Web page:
Changes in my neighbourhood conspired to make this an enjoyable convalescence.  College Avenue is to be under construction, so it was closed off early this week, though none of the noisy work has begun.  As a result, I don't have the sound of cars tethering me to the busy world; rather, the birds seem to be more noisily confident about their place in the universe, like the clouds in Woolf's essay: 

"Directly the bed is called for, or, sunk deep among pillows in one chair, we raise our feet even an inch above the ground on another, we cease to be soldiers in the army of the upright; we become deserters.  They march to battle.  We float with the sticks on the stream; helter-skelter with the dead leaves on the lawn, irresponsible and disinterested and able, perhaps for the first time for years, to look round, to look up--to look, for example, at the sky.

"The first impression of that extraordinary spectacle is strangely overcoming.  Ordinarily to look at the sky for any length of time is impossible.  Pedestrians would be impeded and disconcerted by a public skygazer.  What snatches we get of it are mutilated by chimneys and churches, serve as a background for man, signify wet weather or fine, daub windows gold, and, filling in the branches, complete the pathos of dishevelled autumnal plane trees in autumnal squares.  Now,  lying recumbent, staring straight up, the sky id discovered to be something so different from this that really it is a little shocking.  This then has been going on all the time without our knowing it! --this incessant making up of shapes and casting them down, this buffeting of clouds together, and drawing vast trains of ships and waggons from North to South, this incessant ringing up and down of curtains of light and shade, this interminable experiment with gold shafts and blue shadows, with veiling the sun and unveiling it, with making rock ramparts and wafting them away--this endless activity, with the waste of Heaven knows how many million horse power of energy, has been left to work its will year in year out."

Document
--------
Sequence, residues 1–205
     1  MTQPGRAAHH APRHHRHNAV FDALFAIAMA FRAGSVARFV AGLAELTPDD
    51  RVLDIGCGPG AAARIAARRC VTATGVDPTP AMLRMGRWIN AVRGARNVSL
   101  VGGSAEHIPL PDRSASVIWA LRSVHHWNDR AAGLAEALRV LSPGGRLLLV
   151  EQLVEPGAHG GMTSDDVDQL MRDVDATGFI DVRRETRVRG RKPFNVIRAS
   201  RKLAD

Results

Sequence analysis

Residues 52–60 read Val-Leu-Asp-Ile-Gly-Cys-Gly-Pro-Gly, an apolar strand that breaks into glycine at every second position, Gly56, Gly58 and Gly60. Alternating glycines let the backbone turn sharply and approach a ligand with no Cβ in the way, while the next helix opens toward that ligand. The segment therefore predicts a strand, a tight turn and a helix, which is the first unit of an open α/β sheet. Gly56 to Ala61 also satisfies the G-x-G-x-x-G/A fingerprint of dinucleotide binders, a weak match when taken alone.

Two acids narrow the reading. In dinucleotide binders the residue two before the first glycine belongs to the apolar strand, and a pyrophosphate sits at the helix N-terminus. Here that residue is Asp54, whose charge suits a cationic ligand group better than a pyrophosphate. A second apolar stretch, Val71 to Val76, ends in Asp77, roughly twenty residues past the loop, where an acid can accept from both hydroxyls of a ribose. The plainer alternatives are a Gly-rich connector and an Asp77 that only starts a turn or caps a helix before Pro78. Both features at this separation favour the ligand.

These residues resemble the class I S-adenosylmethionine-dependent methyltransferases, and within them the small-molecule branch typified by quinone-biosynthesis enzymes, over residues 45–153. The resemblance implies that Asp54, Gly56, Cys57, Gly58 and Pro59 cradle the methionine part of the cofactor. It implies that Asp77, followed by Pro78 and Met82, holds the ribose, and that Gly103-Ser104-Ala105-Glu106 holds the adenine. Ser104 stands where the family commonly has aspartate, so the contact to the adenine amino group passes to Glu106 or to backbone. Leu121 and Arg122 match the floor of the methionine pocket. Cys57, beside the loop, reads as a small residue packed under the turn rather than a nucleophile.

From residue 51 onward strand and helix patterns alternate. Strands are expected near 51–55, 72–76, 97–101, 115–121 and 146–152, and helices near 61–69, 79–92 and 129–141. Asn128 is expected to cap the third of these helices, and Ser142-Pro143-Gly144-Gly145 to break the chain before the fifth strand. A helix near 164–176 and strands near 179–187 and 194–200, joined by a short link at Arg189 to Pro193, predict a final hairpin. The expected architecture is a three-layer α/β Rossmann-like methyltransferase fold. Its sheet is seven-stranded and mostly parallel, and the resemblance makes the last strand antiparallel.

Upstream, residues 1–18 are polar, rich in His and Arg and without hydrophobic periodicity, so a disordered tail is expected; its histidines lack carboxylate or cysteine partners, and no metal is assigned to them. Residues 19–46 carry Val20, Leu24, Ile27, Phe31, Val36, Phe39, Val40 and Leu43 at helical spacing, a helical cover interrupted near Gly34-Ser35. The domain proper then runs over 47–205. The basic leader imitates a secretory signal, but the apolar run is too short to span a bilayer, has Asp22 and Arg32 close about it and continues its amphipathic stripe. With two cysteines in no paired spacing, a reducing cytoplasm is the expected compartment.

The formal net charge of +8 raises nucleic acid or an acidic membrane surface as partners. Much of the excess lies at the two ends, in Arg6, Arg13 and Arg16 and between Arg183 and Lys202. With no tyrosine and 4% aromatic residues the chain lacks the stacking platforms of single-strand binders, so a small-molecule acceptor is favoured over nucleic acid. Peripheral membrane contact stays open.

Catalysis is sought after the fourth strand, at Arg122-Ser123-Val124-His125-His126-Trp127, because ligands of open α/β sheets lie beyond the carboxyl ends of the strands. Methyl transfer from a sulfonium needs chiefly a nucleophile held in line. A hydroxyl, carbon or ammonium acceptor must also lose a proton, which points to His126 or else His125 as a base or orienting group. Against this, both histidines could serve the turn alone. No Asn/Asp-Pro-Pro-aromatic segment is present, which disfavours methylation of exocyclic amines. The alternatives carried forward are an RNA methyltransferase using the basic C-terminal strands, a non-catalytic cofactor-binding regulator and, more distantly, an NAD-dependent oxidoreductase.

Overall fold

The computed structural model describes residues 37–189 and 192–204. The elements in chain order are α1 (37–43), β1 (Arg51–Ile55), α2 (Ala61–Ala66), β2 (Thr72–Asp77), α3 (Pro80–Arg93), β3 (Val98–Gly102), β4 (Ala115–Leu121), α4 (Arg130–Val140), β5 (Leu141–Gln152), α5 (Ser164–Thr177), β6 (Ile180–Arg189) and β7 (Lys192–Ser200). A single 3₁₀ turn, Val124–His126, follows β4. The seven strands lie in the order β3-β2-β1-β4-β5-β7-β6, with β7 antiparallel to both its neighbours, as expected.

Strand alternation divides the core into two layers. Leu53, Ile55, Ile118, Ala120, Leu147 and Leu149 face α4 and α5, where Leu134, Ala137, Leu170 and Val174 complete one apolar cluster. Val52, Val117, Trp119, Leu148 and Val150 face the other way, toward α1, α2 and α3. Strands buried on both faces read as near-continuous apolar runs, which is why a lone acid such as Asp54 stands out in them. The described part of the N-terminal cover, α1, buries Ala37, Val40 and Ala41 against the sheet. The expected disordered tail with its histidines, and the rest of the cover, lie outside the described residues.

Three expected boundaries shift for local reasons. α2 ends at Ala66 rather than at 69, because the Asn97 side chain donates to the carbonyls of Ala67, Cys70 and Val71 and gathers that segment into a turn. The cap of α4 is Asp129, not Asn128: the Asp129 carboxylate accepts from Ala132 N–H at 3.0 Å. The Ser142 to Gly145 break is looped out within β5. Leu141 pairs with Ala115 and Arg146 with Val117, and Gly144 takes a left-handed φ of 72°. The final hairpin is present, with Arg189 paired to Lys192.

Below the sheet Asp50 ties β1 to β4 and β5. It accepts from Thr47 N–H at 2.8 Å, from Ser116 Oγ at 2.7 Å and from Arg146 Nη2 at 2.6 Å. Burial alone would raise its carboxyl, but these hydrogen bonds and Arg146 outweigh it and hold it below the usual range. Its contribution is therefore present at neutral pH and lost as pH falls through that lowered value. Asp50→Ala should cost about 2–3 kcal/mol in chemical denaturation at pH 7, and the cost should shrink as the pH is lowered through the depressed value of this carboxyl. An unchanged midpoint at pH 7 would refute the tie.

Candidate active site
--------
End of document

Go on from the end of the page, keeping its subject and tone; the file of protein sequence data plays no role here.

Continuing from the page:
Then this morning, the various tradesmen who have been working on my kitchen and bathroom for nearly the last three nonths decided that it was time to finish a thing or two.  Richard arrived at 8:30 to move the bathroom door a few inches to the left so we could have a reasonably-sized vanity in that tiny, ill-planned room.  Bob (who can turn 'mud' into velvet) arrived at 11 to see whether he really was finished painting, and put another coat on the lovely windows that swing open.  (I used to have to get right up on the kitchen counter to open the window onto the back yard.)  Also at 11, the plumber came to install the new bathroom sink.  He was followed by the carpenter, who is here to put on the crown moulding and the kickplate, to adjust the cupboard doors and install the microwave and do a million other things that are making the room (if crowded at the moment) look rather lovely.  My front door has been open to the weather for most of the day, luring a neighbourhood cat in during one of the many showers that decked out our undecided weather.  This doesn't feel exactly like being well;  I am a passive observer in most of this, merely attempting to placate the bored cats who are confined to the bedroom.  It feels like a convalescent way station; and I am waiting for the train to take me to some more real destination.  Tomorrow Bill will be back from his conferences in Saskatoon and Edmonton (with a side trip in there to see his sister in Calgary) and he can deal with the mundane.

The way station has made me hungry again for ideas, hungry for Woolf's intellectual complexity after the simplicity of lonely illness and the physical chaos of renovations on a rainy day.  But at least I have a beautiful kitchen.

1 comment:

  1. I enjoyed reading your articles. This is truly a great read for me. I have bookmarked it and I am looking forward to reading new articles.